It was the year 2000 when I started investigating the threats from cyber-terrorism for a novel I was determined to write. When I was half way through the novel--
THE SILENCE, the attack on 9/11 happened. I wrote it into the book and kept on writing. THE SILENCE was finished in 2001, and published shortly thereafter. However a blizzard of 9/11 focused books and the recession caused it to "just sit there" with little interest or sales.
During this period, I even wrote to the CIA, FBI, and NSA alerting them to the threat. Since there had been no "traceable crime" the FBI had not interest. The fact that viruses and worms of that era (Notably Code Red and NIMDA) had infected millions of computers was apparently not enough of a crime. The CIA thanked me with a form email, and the NSA did not respond at all. There were not "cyber-terrorism" agencies at that time , even though the president's staff member Richard Clarke had issued the strongest possible warnings. A few years later, Clarke later wrote a fine non-fiction book, CyberWar, (after he left government service).
Then I got busy with boards, six of them, which culminated in the Chairmanship of World Kitchen as it emerged from Ch. 11, and was followed by a rash of family issues: Susan's illness, the birth of our last grandchild, moving from Tennessee to Ohio, and the concurrent death of five members of our immediate family in a short few years. Obviously I was busy with matters other than writing.
EIGHT YEARS LATER
When 2009-2010 rolled around, and cyber-threats had not slowed--they had increased dramatically, I dug out THE SILENCE. I had shelved it nearly a decade before, although anyone who wishes to read it, can still find it on amazon (http://www.amazon.com/s/ref=nb_sb_noss?url=search-alias=stripbooks&field-keywords=the+silence+Mariotti). I considered critical feedback from readers and friends. They loved the story, but the book was too long. In my attempt to make it a "literary" novel, I had bogged down the inherent "thriller" I intended it to be. So, I rewrote it, retaining most of the story line, bringing the technology up to date.
That was exciting and scary at the same time. The number and severity of cyber-attacks had grownimmensely. I even included a time line from my 2000 era research up to the present as an appendix.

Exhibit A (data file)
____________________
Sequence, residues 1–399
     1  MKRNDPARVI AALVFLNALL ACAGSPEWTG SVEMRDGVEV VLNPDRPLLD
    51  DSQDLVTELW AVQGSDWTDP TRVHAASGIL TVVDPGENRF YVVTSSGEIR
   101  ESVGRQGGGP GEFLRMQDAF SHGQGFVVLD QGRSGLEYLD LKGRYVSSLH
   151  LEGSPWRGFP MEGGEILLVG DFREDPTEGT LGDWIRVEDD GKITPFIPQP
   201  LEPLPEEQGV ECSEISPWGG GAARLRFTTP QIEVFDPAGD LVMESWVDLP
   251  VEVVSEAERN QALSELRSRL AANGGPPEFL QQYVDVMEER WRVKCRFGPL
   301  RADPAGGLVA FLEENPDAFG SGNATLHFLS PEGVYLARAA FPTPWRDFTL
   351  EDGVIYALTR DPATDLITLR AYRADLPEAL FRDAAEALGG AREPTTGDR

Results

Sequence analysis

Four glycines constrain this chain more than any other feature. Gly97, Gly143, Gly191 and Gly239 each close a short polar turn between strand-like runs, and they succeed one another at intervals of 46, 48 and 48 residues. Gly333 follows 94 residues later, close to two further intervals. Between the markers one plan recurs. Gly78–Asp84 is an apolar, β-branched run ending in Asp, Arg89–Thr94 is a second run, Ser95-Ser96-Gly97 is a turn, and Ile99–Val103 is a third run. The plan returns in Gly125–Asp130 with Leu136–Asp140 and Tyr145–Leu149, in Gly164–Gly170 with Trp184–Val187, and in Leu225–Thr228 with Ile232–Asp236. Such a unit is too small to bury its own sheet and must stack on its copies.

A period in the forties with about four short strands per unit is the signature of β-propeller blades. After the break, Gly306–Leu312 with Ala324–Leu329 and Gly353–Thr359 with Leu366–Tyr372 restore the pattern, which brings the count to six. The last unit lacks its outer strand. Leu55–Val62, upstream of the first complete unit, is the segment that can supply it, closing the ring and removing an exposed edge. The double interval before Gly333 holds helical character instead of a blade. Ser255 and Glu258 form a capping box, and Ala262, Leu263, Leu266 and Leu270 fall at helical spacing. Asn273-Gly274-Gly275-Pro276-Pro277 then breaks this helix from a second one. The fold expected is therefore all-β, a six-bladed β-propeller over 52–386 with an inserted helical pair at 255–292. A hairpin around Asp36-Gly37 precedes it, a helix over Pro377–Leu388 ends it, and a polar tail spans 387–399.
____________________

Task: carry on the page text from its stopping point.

Finally, to update this special edition one need only Google Cyber-terrrorism or anything remotely like it and see the huge number of hits. One of the best publications I read, which is ideal for busy people is THE WEEK magazine. It is a superb compilation of all kinds of information. I encourage readers to try it, and see if you get hooked on it as I have. A recent issue summed up the cyber threat situation, and China's role in it quite well. It is posted below. China is not the only source of hacking and cyberthreats, to be sure. Russia, the Ukraine, and even the USA are also major threats.
Hacking is a global activity and the most frightening aspect of it is how easy it is to do and how hard it is to protect against. Many of the best defensive systems are a single firewall, and little else. Security lapses are frequent and all it takes is one. Personal computers are particularly vulnerable, and most of those are connected to some sort of business, which can transfer the "infection." Flash drives can carry infections too, and those are everywhere, used for all kinds of purposes, business, government and personal.
Someday, in some way, the story of THE CHINESE CONSPIRACY will happen. That will be a terrible day indeed. President Obama has attempted to stiffen the nation's defenses after Congress couldn't agree on legislation to do it (no surprise, they can't agree on anything). Yet, all of the efforts are far more reactive than proactive. What can you do? Stiffen up your passwords, and quit using the obvious ones like birthdays, or other simple number sequences. Keep your anti-virus up to date if on a PC, and keep you firewall turned on. Clean out your Cookies periodically. And never answer "phishing" emails that might look a little legitimate but are somehow just not right. Report them to the supposed sender, most of whom have fraud prevention groups. Banks and credit card agencies will not ask you to input vital information via email--don't fall of this. Don't give it out over the phone unless you initiate the call and know that the person and organization on the other end is legitimate.
IF YOU WANT AN ENTERTAINING AND RELEVANT NOVEL…GET ONE NOW.
Now go do something while your email is still working, reach out of long lost friends, get in touch with loved ones, patch up family feuds, and tune-up your business, because tomorrow may be the day it all stops working.
I apologize fro giving you so much extra reading below, but it you want to really know, and understand the threat, you will read it and pass IT ON.
PS: For those of you who do not read the Wall Street Journal, here are three excellent stories that hammer home the nature and magnitude of the risks: